Sl. No Physical Quantity Formula Dimensional Formula S.I Unit 1 Area (A) Length x Breadth [M0L2T0] m2 2 Volume (V) Length x Breadth x Height [M0L3T0] m3 3 Density (d) Mass / Volume [M1L-3T0] kgm-3 4 Speed (s) Distance / Time [M0L1T-1] ms-1 5 Velocity (v) Displacement / Time [M0L1T-1] ms-1 6 Acceleration (a) Change in velocity / Time [M0L1T-2] ms-2 7 Acceleration due to gravity (g) Change in velocity / Time [M0L1T-2] ms-2 8 Specific gravity Density of body/density of water at 4oC No dimensions [M0L0T-0] No units 9 Linear momentum (p) Mass x Velocity [M1L1T-1] kgms-1 10 Force (F) Mass x Acceleration [M1L1T-2] N 11 Work (W) Force x Distance [M1L2T-2] J (Joule) 12 Energy (E) Work [M1L2T-2] J 13 Impulse (I) Force x Time [M1L1T-1] Ns 14 Pressure (P) Force / Area [M1L-1T-2] Nm-2 15 Power (P) Work / Time [M1L2T-3] W 16 Universal constant of gravitation (G) largebegin{aligned}frac{Force times (distance)^{2}}{(mass)^{2}}end{aligned} largebegin{aligned}frac{Force times (distance)^{2}}{(mass)^{2}}end{aligned} [M-1L3T-2] Nm2kg-2 17 Moment of inertia (I) Mass x (distance)2 [M1L2T0] kgm2 18 Moment of force, moment of couple Force x distance [M1L2T-2] Nm 19 Surface tension (T) Force / Length [M1L0T-2] Nm-1 20 Surface energy (E) Energy / unit area [M1L0T-2] Nm-1 21 Force constant (x) Force / Displacement [M1L0T-2] Nm-1 22 Coefficient of viscosity ( η ) largebegin{aligned}frac{Force}{areatimes velocity;gradient}end{aligned} largebegin{aligned}frac{Force}{areatimes velocity;gradient}end{aligned} [M1L-1T-1] Nsm-2 23 Thrust (F) Force [M1L1T-2] N 24 Tension (T) Force [M1L1T-2] N 25 Stress Force / Area [M1L-1T-2] Nm-2 26 Strain Change in dimension / Original dimension No dimensions [M0L0T-0] No unit 27 Modulus of Elasticity (E) Stress / strain [M1L-1T-2] Nm-2 28 Radius of gyration (k) Distance [M0L1T0] m 29 Angle ( θ), Angular displacement Arc length / Radius No dimensions [M0L0T-0] rad 30 Trigonometric ratio ( sin θ, cos θ, tan θ, etc) Length / length No dimensions [M0L0T-0 No unit 31 Angular velocity( ω ) Angle / Time [M0L0T-1] rad s-1 32 Angular acceleration( α ) Angular velocity / Time [M0L0T-2] rad s-2 33 Angular momentum (J) Moment of inertia x Angular velocity [M1L2T-1] kgm2s-1 34 Torque (𝞽) Moment of inertia x Angular acceleration [M1L2T-2] Nm 35 Velocity gradient large begin{aligned} left ( frac{dv}{dx} right ) end{aligned} large begin{aligned} left ( frac{dv}{dx} right ) end{aligned} Velocity / Distance [M0L0T-1] s-1 36 Rate flow Volume / Time [M0L3T-1] m3s-1 37 Wavelength( 𝛌 ) Length of a wavelet [M0L1T0] m 38 Frequency( large begin{aligned} nu end{aligned} large begin{aligned} nu end{aligned}) Number of vibrations/second or 1/time period [M0L0T-1] Hz or s-1 39 Angular frequency (ω) 2π x frequency [M0L0T-1] 40 Planck’s constant (h) Energy / Frequency [M1L2T-1] Js 41 Buoyant force Force [M1L1T-2] N 42 Relative density Density of substance / density of water at 4oC No dimensions [M0L0T-0] No unit 43 Pressure gradient Pressure / Dstance [M1L-2T-2] Nm-3 44 Pressure energy Pressure x Volume [M1L2T-2] J 45 Temperature —— [M0L0T0K1] K 46 Heat (Q) Energy [M1L2T-2] J 47 Latent heat (L) Heat / Mass [M0L2T-2] Jkg-1 48 Specific heat (S) begin{aligned} frac{Heat}{Masstimes temperature}end{aligned} begin{aligned} frac{Heat}{Masstimes temperature}end{aligned} [M0L2T-2K-1] Jkg-1K-1 49 Thermal expansion coefficient or thermal expansivity begin{aligned}frac{Change;in;dimension}{original;dimensiontimes temperature}end{aligned} begin{aligned}frac{Change;in;dimension}{original;dimensiontimes temperature}end{aligned} [M0L0T0K-1] K-1 50 Thermal conductivity begin{aligned}frac{Heat;energytimes thickness}{Areatimes temperaturetimes time}end{aligned} begin{aligned}frac{Heat;energytimes thickness}{Areatimes temperaturetimes time}end{aligned} [M1L1T-3K-1] Wm-1K-1 51 Bulk modulus or (compressibility)-1 begin{aligned}frac{Volumetimes (change;in;pressure)}{(change;in;volume)}end{aligned} begin{aligned}frac{Volumetimes (change;in;pressure)}{(change;in;volume)}end{aligned} [M1L-1T-2] Nm-2 or Pascals 52 Centripetal acceleration begin{aligned}frac{(velocity)^2}{radius}end{aligned} begin{aligned}frac{(velocity)^2}{radius}end{aligned} [M0L1T-2] 53 Stefan constant (σ) begin{aligned}frac{(Energy / area times time)}{(temperature)^4}end{aligned} begin{aligned}frac{(Energy / area times time)}{(temperature)^4}end{aligned} [M1L0T-3K-4] Wm−2K−4 54 Wien constant Wavelength X temperature [M0L1T0K1] mK 55 Gas constant (R) begin{aligned} frac{Pressure times Volume}{Temperature}end{aligned} begin{aligned} frac{Pressure times Volume}{Temperature}end{aligned} [M1L2T-2K-1] JK-1 56 Boltzmann constant (K) Energy / temperature [M1L2T-2K-1] JK-1 57 Charge (q) Current x time [M0L0T1A1] C 58 Current density Current / area [M0L-2T0A1] A m−2 59 Electric potential (V), voltage, electromotive force Work / Charge [M1L2T–3A-1] V 60 Resistance (R) Potential difference / Current [M1L2T–3A-2] ohms (Ω) 61 Capacitance Charge / potential difference [M–1L–2T4A2] F (Farad) 62 Electrical resistivity or (electrical conductivity)-1 begin{aligned}frac{Resistance times area}{length}end{aligned} begin{aligned}frac{Resistance times area}{length}end{aligned} [M1L3T-3A–2] Ωm ( resistivity) 63 Electric field (E) Force / Charge [M1L1T-3A-1] NC-1 64 Electric flux Electric field X area [M1L3T–3A-1] Nm2C-1 65 Electric dipole moment Torque / electric field [M0L1T1A1] C m 66 Electric field strength or electric intensity Potential difference / distance [M1L1T-3A-1] NC-1 67 Magnetic field (B), magnetic flux density, magnetic induction begin{aligned}frac{Force}{current times length}end{aligned} begin{aligned}frac{Force}{current times length}end{aligned} [M1L0T-2A-1] T (Tesla) 68 Magnetic flux (Φ) Magnetic field X area [M1L2T-2A-1] Wb (Weber) 69 Inductance Magnetic flux / current [M1L2T-2A-2] H (Henry) 70 Magnetic dipole moment Torque /field or current X area [M0L2T0A1] Am2 71 Magnetic field strength (H), magnetic intensity or magnetic moment density Magnetic moment / volume [M0L-1T0A1] Am-1 72 Hubble constant Recession speed / distance [M0L0T-1] s-1 73 Intensity of wave (Energy/time)/area [M1L0T-3] Wm-2 74 Radiation pressure Intensity of wave / speed of light [M1L–1T-2] 75 Energy density Energy / volume [M1L-1T-2] Jm-3 76 Critical velocity begin{aligned}frac{Reynold's;number times coefficient;of;viscocity}{Mass; density times radius}end{aligned} begin{aligned}frac{Reynold's;number times coefficient;of;viscocity}{Mass; density times radius}end{aligned} [M0L1T-1] ms-1 77 Escape velocity begin{aligned}(2 times acceleration;due;to;gravitytimes earth's;radius)^{1/2}end{aligned} begin{aligned}(2 times acceleration;due;to;gravitytimes earth's;radius)^{1/2}end{aligned} [M0L1T-1] ms-1 78 Heat energy, internal energy Work ( = Force X distance) [M1L2T-2] J 79 Kinetic energy begin{aligned}frac{1}{2}mass times (velocity)^{2}end{aligned} begin{aligned}frac{1}{2}mass times (velocity)^{2}end{aligned} [M1L2T-2] J 80 Potential energy Mass X acceleration due to gravity X height [M1L2T-2] J 81 Rotational kinetic energy begin{aligned}frac{1}{2}times moment;of;inertiatimes (angular;velocity)^{2}end{aligned} begin{aligned}frac{1}{2}times moment;of;inertiatimes (angular;velocity)^{2}end{aligned} [M1L2T-2] J 82 Efficiency begin{aligned}frac{output;work;or;energy}{input;work;or;energy}end{aligned} begin{aligned}frac{output;work;or;energy}{input;work;or;energy}end{aligned} No dimensions [M0L0T0] No unit 83 Angular impulse Torque X time [M1L2T-1] Js (Joule second) 84 Permitivity constant (of free space) begin{aligned}frac{Charge times charge}{4pitimes electric;forcetimes (distance)^{2} }end{aligned} begin{aligned}frac{Charge times charge}{4pitimes electric;forcetimes (distance)^{2} }end{aligned} [M-1L-3T4A2] F m-1 85 Permeability constant (of free space) begin{aligned}frac{2pi times forcetimes distance}{currenttimes currenttimes length}end{aligned} begin{aligned}frac{2pi times forcetimes distance}{currenttimes currenttimes length}end{aligned} [M1L1T-2A-2] NA-2 86 Refractive index begin{aligned}frac{Speed;of;light;in;vacuum}{Speed;of;light;in;medium}end{aligned} begin{aligned}frac{Speed;of;light;in;vacuum}{Speed;of;light;in;medium}end{aligned} No  dimensions [M0L0T0] No unit 87 Faraday constant (F) Avogadro constant X elementary charge [M0L0T1A1 mol-1] C mol-1 88 Wave number begin{aligned}frac{2pi }{wavelength}end{aligned} begin{aligned}frac{2pi }{wavelength}end{aligned} [M0L-1T0] 89 Radiant flux, Radiant power Energy emitted / time [M1L2T-3] W(Watt) 90 Luminosity of radiant flux or radiant intensity begin{aligned}frac{Radiant;power;or;radiant;flux;of;source}{Solid;angle}end{aligned} begin{aligned}frac{Radiant;power;or;radiant;flux;of;source}{Solid;angle}end{aligned} [M1L2T-3] W sr-1 (Watt/steradian) 91 Luminous power or luminous flux of source begin{aligned}frac{Luminous;energy;emitted}{time}end{aligned} begin{aligned}frac{Luminous;energy;emitted}{time}end{aligned} [M1L2T-3] lm (lumen) 92 Luminous intensity or illuminating power of source Luminous flux / Solid angle [M1L2T-3] cd (candela) 93 Intensity of illumination or luminance (Lv) begin{aligned}frac{Luminous;intensity}{(distance)^{2}}end{aligned} begin{aligned}frac{Luminous;intensity}{(distance)^{2}}end{aligned} [M1L0T-3] cd m-2 94 Relative luminosity Luminous flux of a source of given wavelength / luminous flux of peak sensitivity wavelength(555 nm) source of the same power No dimensions [M0L0T0] No unit 95 Luminous efficiency Total luminous flux / Total radiant flux No dimensions [M0L0T0] No unit 96 Illuminance or illumination Luminous flux incident / Area [M1L0T-3] lx (lux) 97 Mass defect (Sum of masses of nucleons) – (mass of the nucleus) [M1L0T0] 98 Binding energy of nucleus begin{aligned}Mass;defecttimes (Speed;of;light;in;vacuum)^{2}end{aligned} begin{aligned}Mass;defecttimes (Speed;of;light;in;vacuum)^{2}end{aligned} [M1L2T-2] 99 Decay constant 0.693 / half-life [M0L0T-1] 100 Resonant frequency begin{aligned}(Inductancetimes capacitance)^{-1/2}end{aligned} begin{aligned}(Inductancetimes capacitance)^{-1/2}end{aligned} [M0L0T-1A0] 101 Quality factor or Q-factor of coil begin{aligned}frac{Resonant;frequency times inductance}{Resistance}end{aligned} begin{aligned}frac{Resonant;frequency times inductance}{Resistance}end{aligned} No dimensions [M0L0T0] No unit 102 Power of lens begin{aligned}frac{1}{focal;length}end{aligned} begin{aligned}frac{1}{focal;length}end{aligned} [M0L-1T0] D (dioptre) 103 Magnification Image distance / Object distance No dimensions [M0L0T0] No unit 104 Fluid flow rate begin{aligned}frac{(pi /8)(pressure)times (radius)^{4}}{Viscosity;coefficienttimes length}end{aligned} begin{aligned}frac{(pi /8)(pressure)times (radius)^{4}}{Viscosity;coefficienttimes length}end{aligned} [M0L3T-1] m3s-1 105 Capacitive reactance (Xc) (Angular frequency X capacitance)-1 [M1L2T-3A-2] ohms (Ω) 106 Inductive reactance (XL) (Angular frequency X inductance) [M1L2T-3A-2] ohms (Ω)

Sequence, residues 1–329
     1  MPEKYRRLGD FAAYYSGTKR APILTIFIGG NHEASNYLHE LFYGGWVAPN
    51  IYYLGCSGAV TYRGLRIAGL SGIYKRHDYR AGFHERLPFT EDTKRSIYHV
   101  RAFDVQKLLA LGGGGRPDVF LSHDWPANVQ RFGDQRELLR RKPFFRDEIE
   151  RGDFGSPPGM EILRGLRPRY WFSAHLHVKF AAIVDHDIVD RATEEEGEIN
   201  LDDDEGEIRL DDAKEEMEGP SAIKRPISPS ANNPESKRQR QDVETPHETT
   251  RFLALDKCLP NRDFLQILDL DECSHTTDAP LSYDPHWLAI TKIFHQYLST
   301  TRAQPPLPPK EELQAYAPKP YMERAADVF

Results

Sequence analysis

Table 1: Dimensional formula of physical quantities